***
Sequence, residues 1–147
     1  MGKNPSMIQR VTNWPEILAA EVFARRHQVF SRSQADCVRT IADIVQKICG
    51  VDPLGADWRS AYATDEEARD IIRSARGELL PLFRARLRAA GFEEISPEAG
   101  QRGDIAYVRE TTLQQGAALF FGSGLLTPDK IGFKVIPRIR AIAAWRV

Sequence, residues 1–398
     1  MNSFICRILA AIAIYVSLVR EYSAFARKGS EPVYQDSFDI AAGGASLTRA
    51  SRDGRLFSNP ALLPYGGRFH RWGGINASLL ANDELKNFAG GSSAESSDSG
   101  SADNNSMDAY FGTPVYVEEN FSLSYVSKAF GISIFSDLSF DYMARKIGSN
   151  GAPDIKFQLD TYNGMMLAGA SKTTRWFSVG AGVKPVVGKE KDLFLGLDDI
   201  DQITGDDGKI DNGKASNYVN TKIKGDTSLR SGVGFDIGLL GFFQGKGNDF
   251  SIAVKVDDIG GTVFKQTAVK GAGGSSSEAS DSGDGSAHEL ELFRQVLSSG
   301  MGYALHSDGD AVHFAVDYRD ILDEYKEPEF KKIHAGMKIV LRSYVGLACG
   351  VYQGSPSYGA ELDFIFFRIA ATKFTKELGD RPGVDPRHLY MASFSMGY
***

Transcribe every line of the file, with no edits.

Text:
Sequence, residues 1–147
     1  MGKNPSMIQR VTNWPEILAA EVFARRHQVF SRSQADCVRT IADIVQKICG
    51  VDPLGADWRS AYATDEEARD IIRSARGELL PLFRARLRAA GFEEISPEAG
   101  QRGDIAYVRE TTLQQGAALF FGSGLLTPDK IGFKVIPRIR AIAAWRV

Sequence, residues 1–398
     1  MNSFICRILA AIAIYVSLVR EYSAFARKGS EPVYQDSFDI AAGGASLTRA
    51  SRDGRLFSNP ALLPYGGRFH RWGGINASLL ANDELKNFAG GSSAESSDSG
   101  SADNNSMDAY FGTPVYVEEN FSLSYVSKAF GISIFSDLSF DYMARKIGSN
   151  GAPDIKFQLD TYNGMMLAGA SKTTRWFSVG AGVKPVVGKE KDLFLGLDDI
   201  DQITGDDGKI DNGKASNYVN TKIKGDTSLR SGVGFDIGLL GFFQGKGNDF
   251  SIAVKVDDIG GTVFKQTAVK GAGGSSSEAS DSGDGSAHEL ELFRQVLSSG
   301  MGYALHSDGD AVHFAVDYRD ILDEYKEPEF KKIHAGMKIV LRSYVGLACG
   351  VYQGSPSYGA ELDFIFFRIA ATKFTKELGD RPGVDPRHLY MASFSMGY